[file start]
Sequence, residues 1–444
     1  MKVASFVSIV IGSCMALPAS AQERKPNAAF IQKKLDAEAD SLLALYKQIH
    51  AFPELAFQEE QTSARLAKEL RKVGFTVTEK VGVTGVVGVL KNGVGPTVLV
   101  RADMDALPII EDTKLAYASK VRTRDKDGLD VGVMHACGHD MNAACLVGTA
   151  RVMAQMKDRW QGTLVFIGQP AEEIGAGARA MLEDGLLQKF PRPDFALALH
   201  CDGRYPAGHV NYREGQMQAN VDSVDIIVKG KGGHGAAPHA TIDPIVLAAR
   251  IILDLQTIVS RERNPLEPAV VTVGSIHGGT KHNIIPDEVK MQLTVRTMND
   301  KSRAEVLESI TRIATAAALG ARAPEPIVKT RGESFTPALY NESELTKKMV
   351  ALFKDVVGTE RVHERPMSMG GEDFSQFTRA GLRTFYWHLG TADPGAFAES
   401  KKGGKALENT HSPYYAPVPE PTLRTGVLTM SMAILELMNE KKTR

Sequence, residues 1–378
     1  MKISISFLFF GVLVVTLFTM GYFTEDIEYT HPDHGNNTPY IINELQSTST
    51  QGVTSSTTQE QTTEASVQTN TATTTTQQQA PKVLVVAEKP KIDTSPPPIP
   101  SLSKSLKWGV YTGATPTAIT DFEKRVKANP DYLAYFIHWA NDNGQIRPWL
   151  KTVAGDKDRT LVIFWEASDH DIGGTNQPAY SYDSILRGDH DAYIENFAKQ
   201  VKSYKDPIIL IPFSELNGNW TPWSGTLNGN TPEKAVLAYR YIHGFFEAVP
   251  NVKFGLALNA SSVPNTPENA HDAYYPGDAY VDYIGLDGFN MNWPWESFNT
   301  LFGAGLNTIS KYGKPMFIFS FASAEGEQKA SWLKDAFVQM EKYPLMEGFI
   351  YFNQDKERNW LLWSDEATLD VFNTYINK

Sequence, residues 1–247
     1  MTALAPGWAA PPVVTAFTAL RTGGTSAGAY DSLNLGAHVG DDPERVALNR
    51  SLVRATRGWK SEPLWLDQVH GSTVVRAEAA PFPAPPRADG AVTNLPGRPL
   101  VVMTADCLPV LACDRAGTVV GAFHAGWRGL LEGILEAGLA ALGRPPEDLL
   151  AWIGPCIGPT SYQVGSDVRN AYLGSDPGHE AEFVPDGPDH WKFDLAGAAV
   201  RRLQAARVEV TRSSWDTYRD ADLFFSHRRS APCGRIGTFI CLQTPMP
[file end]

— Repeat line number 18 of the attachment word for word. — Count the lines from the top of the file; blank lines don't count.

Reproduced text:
   301  LFGAGLNTIS KYGKPMFIFS FASAEGEQKA SWLKDAFVQM EKYPLMEGFI